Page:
Everything You Should Know About The Horizon 7.0 AT Treadmill [A Review]

horizon 7.0 at treadmill review

Horizon Fitness’s 7.0 AT Treadmill is designed with one thing in mind: performance. What it lacks in hi-tech, superfluous features, it makes up for in muscle and durability.

Although it does have a few surprising features you don’t normally see on a treadmill under $1000.

Long-story-short: this is a great treadmill for this price range.

But you really shouldn’t take my word for it.

The Horizon 7.0 AT can speak for itself- well, not literally, that would be kinda creepy in an “AI taking over the world” kind of way.

What I mean is, this treadmill’s specs speak for themselves. Because if you ask me, the only smart way to buy a treadmill is to do your research- this means examining the specs, features, and qualities of each machine and finding the best combo for your price range.

To help you on your journey, this review will walk you through all the key features that make this treadmill what it is- one of the best budget treadmills on the market.

Before we get ahead of ourselves, I think we should start with a quick recap on the 3 most important specs to consider when searching for a treadmill.

How To Buy A Treadmill

There are a lot of things to consider when looking for a new treadmill and I know price is the first consideration for 99% of us.

But, no matter what price range you’re looking in, there are some specs that are just more important than the rest. Well, assuming you want to find a treadmill that performs well and will last.

Here are the most important things to consider when looking for a quality treadmill (regardless of price range):

Running Surface

The first thing I look at when I start examining a treadmill is its running surface. This measurement refers to the literal size of the usable belt surface during your workout.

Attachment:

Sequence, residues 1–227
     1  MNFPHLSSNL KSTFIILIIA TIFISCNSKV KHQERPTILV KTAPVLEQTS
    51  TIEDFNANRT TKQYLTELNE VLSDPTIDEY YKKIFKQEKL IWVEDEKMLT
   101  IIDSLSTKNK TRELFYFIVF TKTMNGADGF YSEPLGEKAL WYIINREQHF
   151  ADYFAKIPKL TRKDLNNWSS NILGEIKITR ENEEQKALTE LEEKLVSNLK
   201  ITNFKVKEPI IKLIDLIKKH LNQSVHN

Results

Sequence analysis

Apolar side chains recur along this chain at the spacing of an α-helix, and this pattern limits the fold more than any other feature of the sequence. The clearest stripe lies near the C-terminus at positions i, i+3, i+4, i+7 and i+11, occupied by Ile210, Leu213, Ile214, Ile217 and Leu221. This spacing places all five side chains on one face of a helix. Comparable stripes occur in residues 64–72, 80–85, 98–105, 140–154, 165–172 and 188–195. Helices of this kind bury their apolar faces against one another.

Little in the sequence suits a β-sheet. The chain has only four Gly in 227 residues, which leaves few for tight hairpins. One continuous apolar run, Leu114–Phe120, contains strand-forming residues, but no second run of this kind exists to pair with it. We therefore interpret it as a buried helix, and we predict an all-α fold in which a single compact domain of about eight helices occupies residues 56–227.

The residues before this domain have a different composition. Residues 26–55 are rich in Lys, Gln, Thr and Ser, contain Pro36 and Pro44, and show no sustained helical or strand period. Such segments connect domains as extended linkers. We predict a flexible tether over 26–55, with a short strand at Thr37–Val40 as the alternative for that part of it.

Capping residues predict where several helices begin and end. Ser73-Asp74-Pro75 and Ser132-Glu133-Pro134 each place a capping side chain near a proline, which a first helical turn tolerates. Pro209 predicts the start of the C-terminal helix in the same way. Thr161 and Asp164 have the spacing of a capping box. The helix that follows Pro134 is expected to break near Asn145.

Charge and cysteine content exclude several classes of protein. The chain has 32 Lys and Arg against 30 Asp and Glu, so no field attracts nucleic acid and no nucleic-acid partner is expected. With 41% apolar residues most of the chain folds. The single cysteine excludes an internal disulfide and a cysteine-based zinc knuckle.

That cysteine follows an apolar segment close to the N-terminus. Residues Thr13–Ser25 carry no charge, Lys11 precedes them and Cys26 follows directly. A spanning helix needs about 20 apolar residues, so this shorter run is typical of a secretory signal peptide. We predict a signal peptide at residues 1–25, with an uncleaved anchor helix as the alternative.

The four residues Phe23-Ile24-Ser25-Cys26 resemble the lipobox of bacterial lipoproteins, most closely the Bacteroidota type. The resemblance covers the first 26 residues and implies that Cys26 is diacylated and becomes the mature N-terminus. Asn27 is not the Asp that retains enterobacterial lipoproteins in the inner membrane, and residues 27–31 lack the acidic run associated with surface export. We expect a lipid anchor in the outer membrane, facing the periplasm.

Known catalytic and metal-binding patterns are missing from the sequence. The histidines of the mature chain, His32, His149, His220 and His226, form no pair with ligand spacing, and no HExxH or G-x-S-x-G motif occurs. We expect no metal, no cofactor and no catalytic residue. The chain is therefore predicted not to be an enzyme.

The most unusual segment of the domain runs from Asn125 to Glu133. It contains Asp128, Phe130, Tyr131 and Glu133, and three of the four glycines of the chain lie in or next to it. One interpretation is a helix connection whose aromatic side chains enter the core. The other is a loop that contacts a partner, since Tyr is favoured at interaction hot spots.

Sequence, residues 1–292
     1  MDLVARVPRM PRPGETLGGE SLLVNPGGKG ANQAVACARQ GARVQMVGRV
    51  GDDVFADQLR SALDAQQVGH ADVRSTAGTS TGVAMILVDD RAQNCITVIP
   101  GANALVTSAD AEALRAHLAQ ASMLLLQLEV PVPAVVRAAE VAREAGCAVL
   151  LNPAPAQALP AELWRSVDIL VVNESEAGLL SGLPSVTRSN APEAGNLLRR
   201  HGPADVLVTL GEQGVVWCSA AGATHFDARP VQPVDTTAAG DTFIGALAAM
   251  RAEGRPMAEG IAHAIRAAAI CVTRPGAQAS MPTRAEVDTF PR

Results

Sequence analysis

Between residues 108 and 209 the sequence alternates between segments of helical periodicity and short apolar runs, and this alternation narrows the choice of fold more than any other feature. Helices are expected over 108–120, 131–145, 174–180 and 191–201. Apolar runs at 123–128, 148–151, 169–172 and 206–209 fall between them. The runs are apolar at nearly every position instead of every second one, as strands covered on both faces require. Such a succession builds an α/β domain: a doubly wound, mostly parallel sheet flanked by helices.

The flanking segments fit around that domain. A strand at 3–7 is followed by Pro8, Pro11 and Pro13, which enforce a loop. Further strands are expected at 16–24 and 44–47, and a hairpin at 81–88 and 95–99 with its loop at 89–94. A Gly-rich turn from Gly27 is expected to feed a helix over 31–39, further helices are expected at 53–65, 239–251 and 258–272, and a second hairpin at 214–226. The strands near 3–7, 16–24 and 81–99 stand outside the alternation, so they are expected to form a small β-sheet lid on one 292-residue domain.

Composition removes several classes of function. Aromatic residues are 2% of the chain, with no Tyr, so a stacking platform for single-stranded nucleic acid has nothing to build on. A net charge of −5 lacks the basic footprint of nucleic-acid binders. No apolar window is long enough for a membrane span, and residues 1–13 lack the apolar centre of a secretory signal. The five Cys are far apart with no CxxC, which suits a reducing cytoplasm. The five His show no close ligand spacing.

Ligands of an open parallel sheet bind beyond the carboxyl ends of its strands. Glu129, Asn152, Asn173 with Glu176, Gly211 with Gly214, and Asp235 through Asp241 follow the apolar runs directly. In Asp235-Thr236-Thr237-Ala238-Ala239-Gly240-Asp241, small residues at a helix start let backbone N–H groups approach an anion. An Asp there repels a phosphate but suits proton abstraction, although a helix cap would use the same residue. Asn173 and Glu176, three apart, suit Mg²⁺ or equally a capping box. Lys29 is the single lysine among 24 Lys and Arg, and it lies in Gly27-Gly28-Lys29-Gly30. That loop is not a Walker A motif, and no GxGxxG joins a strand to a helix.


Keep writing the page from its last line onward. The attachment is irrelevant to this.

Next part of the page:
Measured in inches, these dimensions describe the width and length of the belt.

When it comes to running surface, larger is always better. Especially if you or a family member are tall. If the running surface is too short, you might have to shorten your stride when running, which isn’t a very comfortable way to run.

Although not as important as length, the width plays an important role in comfort too. If the belt width is too narrow, you’re going to feel cramped while you walk or run.

You might even feel like you’re walking on a tightrope (ok, that’s a bit of an exaggeration, but you get what I’m saying here).

One of the easiest ways to spot a subpar treadmill is to look at the running surface- if it’s smaller than 20″ x 55″, I’d keep looking. And unfortunately, a lot of budget treadmills skimp on the size of the running surface.

The gold standard for home treadmills is 20″ x 60″. This running surface can comfortably fit most folks running at top speed.

 Motor Strength

The next spec you should examine is the motor strength. Although not quite as important as the running surface, it’s close. Having a strong motor will ensure your treadmill runs smoothly regardless of your running speed.

Most home treadmills come with motors in the 2.0 – 4.0 CHP range. Cheaper treadmills usually come with weaker motors.

If you plan on running, I’d look for a treadmill with at least a 3.0 CHP motor. This should ensure the treadmill is powerful enough to handle the stress of running without killing the motor.

Stronger motors also don’t have to work as hard as weaker ones to maintain the same speed. This means they should, theoretically, last longer.


The warranty is another crucial aspect to consider before buying any treadmill. This might sound like a given, but you’d be surprised at how many people buy fitness equipment without having a clue as to what kind of warranty it comes with.

Treadmill warranties usually come in 4 parts: frame, motor, parts, and labor.